Nick Matzke rounds up the arguments and evidence, beginning with Darwin’s work, that explains how complex systems needing multiple parts can evolve:
The standard answer to this question was put forward by Darwin. Mivart (1871) argued that the “incipient stages of useful structures” could not have evolved gradually by variation and natural selection, because the intermediate stages of complex systems would have been nonfunctional. Darwin replied in the 6th edition of Origin of Species (Darwin, 1872) by emphasizing the importance of change of function in evolution. Although Darwin’s most famous discussion of the evolution of a complex system, the eye, was an example of massive improvement of function from a rudimentary ancestor (Salvini-Plawen and Mayr, 1977; Nilsson and Pelger, 1994), Darwin gave equal weight to examples of functional shift in evolution. These included the complex reproductive devices of orchids and barnacles, groups with which he was particularly familiar (Darwin, 1851, 1854, 1862). Intricate multi-component systems such as these could not have originated by gradual improvement of a single function, but if systems and components underwent functional shift, then selection could have preserved intermediates for a function different from the final one. The equal importance of improvement of function and change of function for understanding the evolutionary origin of novel complex systems has been similarly emphasized by later workers (Maynard Smith, 1975; Mayr, 1976). Recent studies give cooption of structures a key role in the origin of feathers (Prum and Brush, 2002), and novel organs (Pellmyr and Krenn, 2002); Mayr (1976) gives many other examples. Computer simulations also show the importance of cooption for the origin of complex systems with multiple required parts (Lenski et al., 2003).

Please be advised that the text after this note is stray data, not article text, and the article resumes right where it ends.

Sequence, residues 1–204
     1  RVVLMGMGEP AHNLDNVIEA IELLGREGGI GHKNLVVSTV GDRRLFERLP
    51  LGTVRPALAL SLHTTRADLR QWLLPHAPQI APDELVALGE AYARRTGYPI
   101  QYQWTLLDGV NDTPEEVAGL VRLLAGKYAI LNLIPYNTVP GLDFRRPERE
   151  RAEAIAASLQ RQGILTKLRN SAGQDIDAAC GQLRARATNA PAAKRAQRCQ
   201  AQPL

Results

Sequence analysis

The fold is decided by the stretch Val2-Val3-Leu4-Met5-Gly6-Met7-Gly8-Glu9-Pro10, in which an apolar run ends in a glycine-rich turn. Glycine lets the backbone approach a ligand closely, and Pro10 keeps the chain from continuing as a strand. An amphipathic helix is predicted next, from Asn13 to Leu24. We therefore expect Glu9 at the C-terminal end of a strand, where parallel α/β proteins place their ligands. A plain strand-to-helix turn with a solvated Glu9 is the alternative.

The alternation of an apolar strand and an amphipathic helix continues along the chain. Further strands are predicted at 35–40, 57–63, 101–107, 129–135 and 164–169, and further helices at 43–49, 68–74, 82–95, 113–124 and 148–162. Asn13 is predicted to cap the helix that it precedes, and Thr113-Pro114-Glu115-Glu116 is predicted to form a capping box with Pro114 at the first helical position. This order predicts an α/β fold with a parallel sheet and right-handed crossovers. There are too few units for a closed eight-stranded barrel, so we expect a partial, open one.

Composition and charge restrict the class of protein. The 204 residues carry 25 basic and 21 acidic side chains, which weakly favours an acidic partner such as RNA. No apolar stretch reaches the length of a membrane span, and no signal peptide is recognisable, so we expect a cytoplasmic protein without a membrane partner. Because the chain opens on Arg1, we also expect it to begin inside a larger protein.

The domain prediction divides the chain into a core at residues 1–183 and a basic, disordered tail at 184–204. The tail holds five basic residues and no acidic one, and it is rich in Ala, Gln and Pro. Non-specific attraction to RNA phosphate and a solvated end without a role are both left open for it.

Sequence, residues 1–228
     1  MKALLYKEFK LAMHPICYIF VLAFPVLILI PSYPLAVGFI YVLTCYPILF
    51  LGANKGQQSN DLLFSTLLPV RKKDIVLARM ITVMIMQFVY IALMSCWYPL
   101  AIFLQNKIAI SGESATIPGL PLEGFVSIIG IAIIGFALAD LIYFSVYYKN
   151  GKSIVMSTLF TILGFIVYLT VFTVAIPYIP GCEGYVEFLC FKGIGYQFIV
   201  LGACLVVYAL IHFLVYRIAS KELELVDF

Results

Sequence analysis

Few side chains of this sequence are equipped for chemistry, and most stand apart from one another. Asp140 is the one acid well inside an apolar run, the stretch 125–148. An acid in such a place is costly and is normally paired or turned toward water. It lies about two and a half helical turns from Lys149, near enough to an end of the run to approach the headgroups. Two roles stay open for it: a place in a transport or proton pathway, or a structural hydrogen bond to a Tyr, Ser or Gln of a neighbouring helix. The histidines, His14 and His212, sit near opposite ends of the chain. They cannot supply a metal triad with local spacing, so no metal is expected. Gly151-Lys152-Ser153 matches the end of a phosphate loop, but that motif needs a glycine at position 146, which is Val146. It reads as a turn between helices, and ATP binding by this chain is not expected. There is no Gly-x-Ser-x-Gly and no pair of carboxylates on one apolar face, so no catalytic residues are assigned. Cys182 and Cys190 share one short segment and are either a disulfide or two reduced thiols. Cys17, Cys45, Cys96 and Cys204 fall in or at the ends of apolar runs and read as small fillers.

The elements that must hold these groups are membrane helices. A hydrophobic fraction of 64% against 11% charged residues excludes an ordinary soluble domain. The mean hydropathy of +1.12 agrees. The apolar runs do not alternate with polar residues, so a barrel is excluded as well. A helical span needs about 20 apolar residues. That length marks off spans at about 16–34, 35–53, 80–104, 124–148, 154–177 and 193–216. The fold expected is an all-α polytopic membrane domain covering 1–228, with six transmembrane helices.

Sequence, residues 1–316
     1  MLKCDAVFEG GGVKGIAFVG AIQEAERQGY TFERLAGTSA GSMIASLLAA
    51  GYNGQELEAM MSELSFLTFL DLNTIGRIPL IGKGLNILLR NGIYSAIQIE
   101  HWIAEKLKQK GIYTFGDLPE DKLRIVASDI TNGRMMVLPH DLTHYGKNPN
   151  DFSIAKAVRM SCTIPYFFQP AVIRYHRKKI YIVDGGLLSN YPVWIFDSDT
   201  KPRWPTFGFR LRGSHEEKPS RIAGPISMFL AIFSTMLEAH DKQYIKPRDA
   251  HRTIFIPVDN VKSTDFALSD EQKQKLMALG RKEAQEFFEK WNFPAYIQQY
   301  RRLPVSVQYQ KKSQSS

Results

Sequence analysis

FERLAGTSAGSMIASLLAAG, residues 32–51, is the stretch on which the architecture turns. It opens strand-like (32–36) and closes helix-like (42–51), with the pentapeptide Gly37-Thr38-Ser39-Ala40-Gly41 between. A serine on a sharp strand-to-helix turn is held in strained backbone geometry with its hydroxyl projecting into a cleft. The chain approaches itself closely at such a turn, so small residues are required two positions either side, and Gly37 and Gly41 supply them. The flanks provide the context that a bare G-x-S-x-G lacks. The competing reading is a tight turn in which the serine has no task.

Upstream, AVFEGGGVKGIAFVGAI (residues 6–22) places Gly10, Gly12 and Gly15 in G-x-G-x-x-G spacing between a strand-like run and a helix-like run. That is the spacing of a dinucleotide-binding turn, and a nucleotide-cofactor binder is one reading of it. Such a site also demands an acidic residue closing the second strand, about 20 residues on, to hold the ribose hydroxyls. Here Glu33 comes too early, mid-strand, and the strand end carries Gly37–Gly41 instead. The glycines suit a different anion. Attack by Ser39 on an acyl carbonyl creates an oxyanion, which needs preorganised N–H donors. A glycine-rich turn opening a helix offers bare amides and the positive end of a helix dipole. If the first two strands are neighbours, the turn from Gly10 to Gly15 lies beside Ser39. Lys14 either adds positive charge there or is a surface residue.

Do these common insights from classical, organismal evolutionary biology help us to understand the solution to the puzzle Macnab put forward regarding the origin of flagellum? Cooption at the molecular level is in fact as well-documented at it is at the macroscopic level (Ganfornina and Sanchez, 1999; Thornhill and Ussery, 2000; True and Carroll, 2002). It has been implicated in origin of ancient multi-component molecular systems such as the Krebs cycle (Melendez-Hevia et al., 1996) as well as the rapid origin of multi-component catabolic pathways for abiotic toxins that humans have recently introduced into the environment, such as pentachlorophenol (Anandarajah et al., 2000; Copley, 2000), atrazine (de Souza et al., 1998; Sadowsky et al., 1998; Seffernick and Wackett, 2001), and 2,4-dinitrotoluene (Johnson et al., 2002); many other cases of catabolic pathway evolution exist (Mortlock, 1992). All of these systems absolutely require multiple protein species for proper function. Even for some molecular systems equaling the flagellum in complexity, reasonably detailed reconstructions of evolutionary origins exist. Generally these are available for systems which originated relatively recently in geological history, which are well-studied due to medical importance, and where phylogeny is relatively well resolved; examples include the vertebrate blood-clotting cascade (Doolittle and Feng, 1987; Hanumanthaiah et al., 2002; Jiang and Doolittle, 2003) and the vertebrate immune system (Muller et al., 1999; Pasquier and Litman, 2000).